I like to read stories of the everyday tragedies of life. I feel like reading about them lessens the burden and makes us more empathetic and understanding when we encounter them in life. Plus, I’ve read some very positive reviews for this book especially concerning the writing.
Synopsis: Written in 1953, the last book by novelist Dorothy Whipple, Someone at a Distance is a story about the destruction of a marriage. Ellen is “that unfashionable creature, a happy housewife” who loves her life in the English countryside. She tends her garden, dotes on her children, and, when she remembers, visits her cantankerous mother-in-law. This domestic bliss, however, is shattered when her husband, in a moment of weak mid-life vanity, runs off with a French girl.
Sex: Lessons From History by Fern Riddell
I find the topic of sex in history utterly fascinating. Many people have this idea that their generation is the sexy one and people in the past were repressed which is simply not the case. I find all the politics and, well, bullshit that’s often attached to sex so interesting. Sadly, it’s often quite destructive and leads to people not being properly educated when they start having sex.
Synopsis: Sex, for the entirety of human history, has never been about reproduction. Statistically speaking, only one out of every one thousand sexual acts between a man and a woman will result in a pregnancy. And, as we know, sex does not solely take place just between men and women.
So: what is sex for?
In this wide-ranging and powerful new history of sex, Dr Fern Riddell will uncover the sexual lives of our ancestors and show that, just like us, they were as preoccupied with sexual identities, masturbation, foreplay, sex and deviance; facing it with the same confusion, joy and accidental hilarity that we do today.
By looking at how history has dealt with different parts of our sexual experience, we’re taken on an illuminating and entertaining journey about why we have sex – and what that means today.
The Victorian Guide to Sex: Desire and deviance in the 19th Century by Fern Riddell
From the same author as the above book and continuing in the same vein but focusing on the Victorian era.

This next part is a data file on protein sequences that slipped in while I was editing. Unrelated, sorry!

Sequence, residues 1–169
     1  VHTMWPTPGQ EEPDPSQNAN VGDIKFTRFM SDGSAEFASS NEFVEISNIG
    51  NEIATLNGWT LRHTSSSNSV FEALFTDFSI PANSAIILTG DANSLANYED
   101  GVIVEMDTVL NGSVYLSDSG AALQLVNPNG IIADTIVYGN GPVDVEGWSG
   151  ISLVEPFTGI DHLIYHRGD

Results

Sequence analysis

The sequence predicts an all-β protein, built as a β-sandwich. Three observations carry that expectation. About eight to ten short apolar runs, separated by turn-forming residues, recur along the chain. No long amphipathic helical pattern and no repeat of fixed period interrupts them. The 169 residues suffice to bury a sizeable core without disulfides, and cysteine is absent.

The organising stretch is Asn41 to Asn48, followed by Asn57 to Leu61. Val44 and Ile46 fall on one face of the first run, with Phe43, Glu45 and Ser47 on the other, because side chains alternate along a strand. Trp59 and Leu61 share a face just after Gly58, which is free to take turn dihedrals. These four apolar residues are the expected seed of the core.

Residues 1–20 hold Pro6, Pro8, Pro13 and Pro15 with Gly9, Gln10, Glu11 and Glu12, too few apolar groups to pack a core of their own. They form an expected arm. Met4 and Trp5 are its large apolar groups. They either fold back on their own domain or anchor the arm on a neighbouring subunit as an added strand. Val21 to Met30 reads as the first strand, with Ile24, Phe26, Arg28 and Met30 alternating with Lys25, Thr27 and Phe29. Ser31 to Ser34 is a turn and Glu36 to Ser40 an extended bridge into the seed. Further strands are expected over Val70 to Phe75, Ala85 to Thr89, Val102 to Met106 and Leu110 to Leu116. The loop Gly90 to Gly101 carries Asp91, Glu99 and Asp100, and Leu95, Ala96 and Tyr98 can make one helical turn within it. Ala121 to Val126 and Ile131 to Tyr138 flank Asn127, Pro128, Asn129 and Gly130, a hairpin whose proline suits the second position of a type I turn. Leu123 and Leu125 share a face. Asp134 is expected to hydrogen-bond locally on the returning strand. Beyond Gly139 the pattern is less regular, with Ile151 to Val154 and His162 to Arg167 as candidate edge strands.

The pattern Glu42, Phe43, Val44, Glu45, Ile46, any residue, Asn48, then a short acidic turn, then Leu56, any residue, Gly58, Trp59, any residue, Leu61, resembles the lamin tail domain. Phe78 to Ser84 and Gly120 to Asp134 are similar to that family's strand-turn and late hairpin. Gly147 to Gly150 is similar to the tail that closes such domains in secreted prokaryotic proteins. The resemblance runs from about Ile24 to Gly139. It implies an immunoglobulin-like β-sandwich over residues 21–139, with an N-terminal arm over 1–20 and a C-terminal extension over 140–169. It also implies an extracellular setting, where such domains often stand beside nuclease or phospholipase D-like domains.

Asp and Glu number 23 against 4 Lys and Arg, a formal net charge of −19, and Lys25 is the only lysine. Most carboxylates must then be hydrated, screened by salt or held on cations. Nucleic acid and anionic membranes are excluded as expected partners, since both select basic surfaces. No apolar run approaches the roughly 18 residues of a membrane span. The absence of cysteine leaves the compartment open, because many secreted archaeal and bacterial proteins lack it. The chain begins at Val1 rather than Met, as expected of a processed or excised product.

Synopsis: An exciting factual romp through sexual desire, practises and deviance in the Victorian era. The Victorian Guide to Sex will reveal advice and ideas on sexuality from the Victorian period. Drawing on both satirical and real life events from the period, it explores every facet of sexuality that the Victorians encountered. Reproducing original advertisements and letters, with extracts taken from memoirs, legal cases, newspaper advice columns, and collections held in the Museum of London and the British Museum, this book lifts the veil from historical sexual attitudes.
Unmentionable: The Victorian Lady’s Guide to Sex, Marriage, and Manners by Therese Oneill
Something similar to the above book but focusing on women and what life was like for them in the Victorian period. It’s about the elements of a woman’s life you won’t find in history books or history documentaries like how they dealt with their menstrual cycle. Another topic I love to read about.
Synopsis: Have you ever wished you could live in an earlier, more romantic era?
Ladies, welcome to the 19th century, where there’s arsenic in your face cream, a pot of cold pee sits under your bed, and all of your underwear is crotchless. (Why? Shush, dear. A lady doesn’t question.)
UNMENTIONABLE is your hilarious, illustrated, scandalously honest (yet never crass) guide to the secrets of Victorian womanhood, giving you detailed advice on:
~ What to wear
~ Where to relieve yourself
~ How to conceal your loathsome addiction to menstruating
~ What to expect on your wedding night
~ How to be the perfect Victorian wife
~ Why masturbating will kill you